World War III scares posted by hacked NY Post, UPI Twitter feeds

AFP Photo / Damien Meyer
Social media watchers on Friday were treated to shocking and dramatic global developments courtesy of the New York Post and United Press International: World War III declared by the Pope! China and the United States engaged in a serious military battle!

Thankfully for the international community, it was just (another) case of hacked Twitter accounts going haywire.

Both UPI and the New York Post had their Twitter feeds hijacked at around 1 p.m. on Friday, as President Barack Obama and UK Prime Minister David Cameron addressed the media on cyber security and the need to beef up online defenses.

While the two leaders answered questions, the news organizations’ Twitter feeds were filled with reports of China condemning President Obama’s “pivot to Asia” before firing on and damaging of the USS George Washington, an American aircraft carrier based in the Pacific. The feeds also stated that the US was involved in “active combat” against China in the South China Sea.

READ MORE:US, UK plan cyber ‘war games’ to boost defense against hackers

“US Joint Chief of staff: USS George Washington damaged, US navy now engaged in active combat against Chinese vessels in South China sea,” read one tweet.

Another read: “JUST IN: Xi Jinping: Obama ‘condemned’ for Asia pivot, ‘has forced China to protect its interests through military means.'”

Meanwhile, UPI tweeted that Pope Francis declared “World War II has begun.”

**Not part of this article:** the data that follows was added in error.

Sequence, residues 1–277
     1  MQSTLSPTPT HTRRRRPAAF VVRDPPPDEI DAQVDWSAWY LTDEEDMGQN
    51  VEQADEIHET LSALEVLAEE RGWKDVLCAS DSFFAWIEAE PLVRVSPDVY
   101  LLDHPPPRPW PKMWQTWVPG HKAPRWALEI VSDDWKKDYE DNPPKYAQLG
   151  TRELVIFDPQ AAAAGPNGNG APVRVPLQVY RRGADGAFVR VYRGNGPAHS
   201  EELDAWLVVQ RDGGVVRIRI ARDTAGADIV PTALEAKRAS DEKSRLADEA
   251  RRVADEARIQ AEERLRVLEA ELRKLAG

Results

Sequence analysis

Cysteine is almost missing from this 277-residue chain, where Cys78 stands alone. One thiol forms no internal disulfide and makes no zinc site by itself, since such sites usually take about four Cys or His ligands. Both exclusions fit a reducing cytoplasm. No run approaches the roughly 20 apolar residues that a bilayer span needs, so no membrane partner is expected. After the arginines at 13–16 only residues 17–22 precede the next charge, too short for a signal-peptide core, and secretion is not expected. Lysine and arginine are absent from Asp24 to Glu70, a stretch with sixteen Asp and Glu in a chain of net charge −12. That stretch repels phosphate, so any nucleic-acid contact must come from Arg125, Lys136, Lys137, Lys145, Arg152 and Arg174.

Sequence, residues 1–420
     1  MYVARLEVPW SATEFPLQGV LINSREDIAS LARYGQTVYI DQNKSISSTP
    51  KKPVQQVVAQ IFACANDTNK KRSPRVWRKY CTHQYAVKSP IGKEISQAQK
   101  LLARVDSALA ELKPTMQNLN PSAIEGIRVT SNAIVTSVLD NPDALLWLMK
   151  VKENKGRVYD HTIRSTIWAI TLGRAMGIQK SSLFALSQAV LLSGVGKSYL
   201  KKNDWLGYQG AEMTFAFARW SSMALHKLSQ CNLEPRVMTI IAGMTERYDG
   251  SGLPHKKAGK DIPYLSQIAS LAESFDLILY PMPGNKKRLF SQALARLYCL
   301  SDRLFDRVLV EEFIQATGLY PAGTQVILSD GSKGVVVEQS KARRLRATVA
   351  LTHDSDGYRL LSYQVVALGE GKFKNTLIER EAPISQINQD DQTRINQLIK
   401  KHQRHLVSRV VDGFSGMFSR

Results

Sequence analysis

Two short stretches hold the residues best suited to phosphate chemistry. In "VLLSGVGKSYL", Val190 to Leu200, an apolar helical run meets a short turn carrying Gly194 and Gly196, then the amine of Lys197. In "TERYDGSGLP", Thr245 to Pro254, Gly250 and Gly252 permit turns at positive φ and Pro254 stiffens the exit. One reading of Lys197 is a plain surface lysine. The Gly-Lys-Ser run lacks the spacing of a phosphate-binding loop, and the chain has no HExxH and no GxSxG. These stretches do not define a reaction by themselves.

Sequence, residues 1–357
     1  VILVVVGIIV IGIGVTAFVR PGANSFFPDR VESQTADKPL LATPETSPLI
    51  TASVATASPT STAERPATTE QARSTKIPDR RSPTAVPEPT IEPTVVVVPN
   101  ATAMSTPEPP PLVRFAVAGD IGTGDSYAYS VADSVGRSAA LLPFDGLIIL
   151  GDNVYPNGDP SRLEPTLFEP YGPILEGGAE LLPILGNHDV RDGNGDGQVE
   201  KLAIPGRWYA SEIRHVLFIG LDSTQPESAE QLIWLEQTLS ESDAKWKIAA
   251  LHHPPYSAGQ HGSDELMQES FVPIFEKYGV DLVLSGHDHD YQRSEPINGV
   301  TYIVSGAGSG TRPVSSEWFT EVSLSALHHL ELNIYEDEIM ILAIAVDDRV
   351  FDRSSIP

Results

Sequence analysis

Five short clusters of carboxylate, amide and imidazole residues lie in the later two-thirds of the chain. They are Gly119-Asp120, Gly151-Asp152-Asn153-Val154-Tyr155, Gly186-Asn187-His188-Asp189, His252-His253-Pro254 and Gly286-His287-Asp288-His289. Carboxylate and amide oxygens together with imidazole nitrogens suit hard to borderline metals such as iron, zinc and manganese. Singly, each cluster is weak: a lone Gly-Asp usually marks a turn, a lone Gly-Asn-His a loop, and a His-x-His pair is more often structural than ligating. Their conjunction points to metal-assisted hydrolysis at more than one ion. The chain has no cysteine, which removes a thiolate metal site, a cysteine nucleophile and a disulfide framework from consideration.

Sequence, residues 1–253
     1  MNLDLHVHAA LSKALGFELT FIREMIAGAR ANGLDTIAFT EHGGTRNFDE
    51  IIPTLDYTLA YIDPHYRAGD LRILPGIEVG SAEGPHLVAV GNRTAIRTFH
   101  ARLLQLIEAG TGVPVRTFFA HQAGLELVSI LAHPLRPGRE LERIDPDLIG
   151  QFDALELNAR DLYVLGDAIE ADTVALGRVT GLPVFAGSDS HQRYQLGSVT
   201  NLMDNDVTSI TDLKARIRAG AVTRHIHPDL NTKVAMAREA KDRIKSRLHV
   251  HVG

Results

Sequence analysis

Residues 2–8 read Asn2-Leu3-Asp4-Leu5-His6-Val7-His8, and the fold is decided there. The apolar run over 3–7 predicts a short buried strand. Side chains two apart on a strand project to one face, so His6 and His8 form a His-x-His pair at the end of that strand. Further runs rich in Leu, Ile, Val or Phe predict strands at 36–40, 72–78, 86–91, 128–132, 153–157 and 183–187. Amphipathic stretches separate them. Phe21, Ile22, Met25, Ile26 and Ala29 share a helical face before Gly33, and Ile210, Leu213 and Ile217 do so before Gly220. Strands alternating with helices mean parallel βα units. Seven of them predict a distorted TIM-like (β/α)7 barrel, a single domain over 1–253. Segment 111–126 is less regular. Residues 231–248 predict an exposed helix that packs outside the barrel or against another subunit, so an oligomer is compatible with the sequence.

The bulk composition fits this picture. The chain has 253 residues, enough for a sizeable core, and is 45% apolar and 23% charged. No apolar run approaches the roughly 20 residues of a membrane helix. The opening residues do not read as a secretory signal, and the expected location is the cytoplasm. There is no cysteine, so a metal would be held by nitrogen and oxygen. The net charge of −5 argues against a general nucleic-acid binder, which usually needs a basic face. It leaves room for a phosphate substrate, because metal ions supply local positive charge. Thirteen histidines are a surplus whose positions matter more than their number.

Less dramatic -- but still very wrong -- was a NY Post business section tweet which said the Federal Reserve wants “negative interest rates to avoid market recession due to low oil prices.”

Both the Post and UPI quickly deleted the tweets after they were posted, and acknowledged they had been hacked.

Financial markets did not react to the sensational Twitter posts, but the Navy did put out a statement confirming that the USS George Washington was not attacked.

"Give the hackers this much credit, the George Washington is our permanent Pacific based carrier," tweeted John Noonan, spokesman for House Armed Services committee, according to CNN. "They at least did their homework."

READ MORE:Central Command Twitter account apparently hacked by CyberCaliphate

Still, the incidents underscore the difficulty that media outlets and other institutions have had securing their outlets from cyber attacks. Earlier this week, the US Central Command had its Twitter and YouTube accounts hacked, during which statements in support of the Islamic State were published. That case is currently under investigation.

In April 2013, the Syrian Electronic Army took control of the Associated Press’ Twitter feed and posted that an explosion had occurred at the White House, injuring President Obama.

Obama has outlined several new proposals to combat cyber threats in the wake of the Sony hack, including legislation that outlines enhanced information sharing between the government and private sector. He is expected to reveal more details on his plans during next week’s State of the Union speech.